ON GENDER BIAS, FEMALE ENTREPRENEURS AND FUNDRAISING
Prior to digitalundivided (DID), I started my own online media company in 2003, which became such a successful and established brand that I was able to sell it a decade after. I used that exit money to finance the launch of DID.
As an entrepreneur who pushes for innovation, I have learned to live with risk-taking. The biggest risk I had to take business-wise would be starting DID itself. Back then, the conversation on diversity in tech was practically non-existent. People worried if there was a market of “qualified” black women big enough for DID’s focus. Black women tech entrepreneurs were seen as uninvestable, if even seen at all.
There are times when the industry gets discouraging, but over all, I would say it paid off because it got the whole tech space talking and working together to act on the issue. It helped majority of our black women founders to break into the industry, get funded, create more jobs, and pave the way for a more diverse pipeline. Over 40% of the black women who have raised Series A funding have come from the digitalundivided network.
ON THE JOURNEY TO SUCCESS IN THE TECH INDUSTRY: WHAT IS YOUR PHILOSPHY FOR SUCCESS
It’s a combination of guts, talent, and toughness. There’s a reason that the attrition rate of women in tech is at an atrocious 41%. As women working in a traditionally male-dominated space, expect that you will be singled out and asked time and again to prove yourself. You will be met with suspicion and condescension. That’s why it’s crucial that companies should have their own Sheryl Sandbergs or Ursula Burnses to serve as mentors and models for other women employees. Their visibility encourages more women to join the company and influences policies that support the development of these women.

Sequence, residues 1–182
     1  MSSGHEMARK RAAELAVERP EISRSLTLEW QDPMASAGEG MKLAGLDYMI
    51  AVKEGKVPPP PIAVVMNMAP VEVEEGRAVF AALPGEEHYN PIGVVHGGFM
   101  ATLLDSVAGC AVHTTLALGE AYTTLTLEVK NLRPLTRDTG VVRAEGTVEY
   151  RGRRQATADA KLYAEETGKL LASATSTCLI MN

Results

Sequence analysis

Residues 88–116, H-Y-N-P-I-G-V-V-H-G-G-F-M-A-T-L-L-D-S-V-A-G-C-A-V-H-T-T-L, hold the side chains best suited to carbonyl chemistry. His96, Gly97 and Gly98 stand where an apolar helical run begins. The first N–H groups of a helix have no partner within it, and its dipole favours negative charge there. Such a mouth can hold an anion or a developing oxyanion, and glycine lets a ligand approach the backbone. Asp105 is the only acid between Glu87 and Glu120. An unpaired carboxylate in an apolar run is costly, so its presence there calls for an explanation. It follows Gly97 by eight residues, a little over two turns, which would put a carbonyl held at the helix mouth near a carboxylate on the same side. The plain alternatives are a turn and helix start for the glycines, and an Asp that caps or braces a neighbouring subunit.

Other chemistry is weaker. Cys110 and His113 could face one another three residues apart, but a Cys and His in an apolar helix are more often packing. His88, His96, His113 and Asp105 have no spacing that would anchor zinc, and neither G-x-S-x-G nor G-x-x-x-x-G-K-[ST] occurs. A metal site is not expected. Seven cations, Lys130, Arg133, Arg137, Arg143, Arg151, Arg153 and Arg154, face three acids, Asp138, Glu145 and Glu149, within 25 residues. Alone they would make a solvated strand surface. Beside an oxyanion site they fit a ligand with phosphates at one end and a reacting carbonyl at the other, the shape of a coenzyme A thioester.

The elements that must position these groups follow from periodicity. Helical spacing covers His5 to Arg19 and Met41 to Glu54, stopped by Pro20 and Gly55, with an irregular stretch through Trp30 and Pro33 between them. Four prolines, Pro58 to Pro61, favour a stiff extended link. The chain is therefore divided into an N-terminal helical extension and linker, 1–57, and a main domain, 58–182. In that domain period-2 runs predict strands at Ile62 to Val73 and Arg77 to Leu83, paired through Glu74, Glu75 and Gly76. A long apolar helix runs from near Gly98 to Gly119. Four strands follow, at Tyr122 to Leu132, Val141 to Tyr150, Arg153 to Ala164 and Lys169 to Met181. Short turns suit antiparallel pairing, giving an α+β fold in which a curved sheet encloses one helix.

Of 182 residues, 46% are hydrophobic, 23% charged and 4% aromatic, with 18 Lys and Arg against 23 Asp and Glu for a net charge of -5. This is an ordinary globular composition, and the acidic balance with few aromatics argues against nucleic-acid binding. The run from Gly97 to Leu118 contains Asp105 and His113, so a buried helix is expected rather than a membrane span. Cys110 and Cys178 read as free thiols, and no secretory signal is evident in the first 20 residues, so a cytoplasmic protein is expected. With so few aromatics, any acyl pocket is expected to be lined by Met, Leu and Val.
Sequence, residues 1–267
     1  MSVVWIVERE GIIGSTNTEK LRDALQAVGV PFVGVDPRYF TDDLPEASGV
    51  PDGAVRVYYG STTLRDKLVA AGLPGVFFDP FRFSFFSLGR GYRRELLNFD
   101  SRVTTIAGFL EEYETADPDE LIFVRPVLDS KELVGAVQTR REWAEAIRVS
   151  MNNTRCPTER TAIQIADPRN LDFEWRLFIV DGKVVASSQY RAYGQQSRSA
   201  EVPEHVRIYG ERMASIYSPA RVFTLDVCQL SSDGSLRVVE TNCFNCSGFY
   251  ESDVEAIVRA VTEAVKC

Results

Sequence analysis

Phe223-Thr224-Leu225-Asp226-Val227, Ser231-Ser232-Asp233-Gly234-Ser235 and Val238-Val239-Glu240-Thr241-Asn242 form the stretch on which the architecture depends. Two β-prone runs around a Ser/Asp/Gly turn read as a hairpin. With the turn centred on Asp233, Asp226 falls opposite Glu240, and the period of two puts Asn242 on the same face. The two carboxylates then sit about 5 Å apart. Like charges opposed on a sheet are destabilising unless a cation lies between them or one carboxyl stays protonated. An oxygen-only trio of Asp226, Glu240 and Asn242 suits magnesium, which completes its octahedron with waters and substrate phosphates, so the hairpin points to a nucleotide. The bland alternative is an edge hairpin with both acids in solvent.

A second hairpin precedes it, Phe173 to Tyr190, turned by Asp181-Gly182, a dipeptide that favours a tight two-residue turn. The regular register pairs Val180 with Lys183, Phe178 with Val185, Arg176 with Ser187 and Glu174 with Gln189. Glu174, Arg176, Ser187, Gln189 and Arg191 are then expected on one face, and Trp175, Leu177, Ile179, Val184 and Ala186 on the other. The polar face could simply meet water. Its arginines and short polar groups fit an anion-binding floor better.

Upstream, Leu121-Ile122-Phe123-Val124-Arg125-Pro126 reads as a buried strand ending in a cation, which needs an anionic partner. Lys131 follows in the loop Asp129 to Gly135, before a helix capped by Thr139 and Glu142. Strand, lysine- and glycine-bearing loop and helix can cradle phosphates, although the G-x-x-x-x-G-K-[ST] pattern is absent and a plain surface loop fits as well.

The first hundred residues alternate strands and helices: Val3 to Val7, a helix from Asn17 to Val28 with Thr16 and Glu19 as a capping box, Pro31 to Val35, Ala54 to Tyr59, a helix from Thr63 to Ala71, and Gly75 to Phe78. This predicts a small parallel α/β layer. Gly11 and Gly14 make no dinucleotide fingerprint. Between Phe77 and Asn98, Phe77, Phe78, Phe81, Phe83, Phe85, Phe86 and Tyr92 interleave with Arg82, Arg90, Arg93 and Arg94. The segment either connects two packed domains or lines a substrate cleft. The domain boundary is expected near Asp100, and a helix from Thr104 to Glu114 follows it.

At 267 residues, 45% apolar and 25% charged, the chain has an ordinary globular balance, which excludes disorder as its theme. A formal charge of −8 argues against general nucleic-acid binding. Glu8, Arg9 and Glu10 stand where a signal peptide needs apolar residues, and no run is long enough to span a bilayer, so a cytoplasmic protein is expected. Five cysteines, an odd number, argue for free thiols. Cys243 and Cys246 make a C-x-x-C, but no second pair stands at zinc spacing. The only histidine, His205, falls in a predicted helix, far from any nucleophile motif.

My philosophy for success and leadership is that leaders don’t necessarily have to have all the right answers every time, but they should trust their instincts to lead them to an answer. As women, we have incredible instincts, yet we’re taught to always question them. Follow your gut.
ON ENCOURAGING MORE WOMEN INTO THE TECH INDUSTRY
The current “closed” system of tech needs to change. Most women founders are not part of the same network as the “boys” in tech – we didn’t go to the same schools as them (or if we did, we weren’t given the same career paths to follow or belonged to the same clubs). As a result, it’s difficult to break into the industry where social networks and connection are often how you get and maintain your job (i.e. the notorious phrase, “culture fit”)
Changing this not only benefits the women – it also pushes innovation, which is beneficial to all. A system that is too homogenous can only cultivate deviations of existing ideas and can overlook the more innovative and more impactful ones that are outside its circles.
ON THE INSPIRATION FOR DIGITALUNDIVIDED
I’ve learned first-hand the power of tech to change the lives of not just one family, but of an entire community. My dad went from a brewery worker in Milwaukee to a Senior engineer at Microsoft in the span of 10 years all because of tech and because someone showed him the possibilities of innovation. This access to opportunities is the key to bridging the “digital divide” and is what DID strives to provide for other women founders coming from underrepresented backgrounds.
ON FUTURE CHALLENGES
My biggest goal right now is to finish raising our venture fund to invest in brilliant women of color entrepreneurs. There are entire markets that are being overlooked because of their race and gender.
ON MY WAY OUT…
I don’t leave home without my sunglasses, cell phone, and my designer sneakers.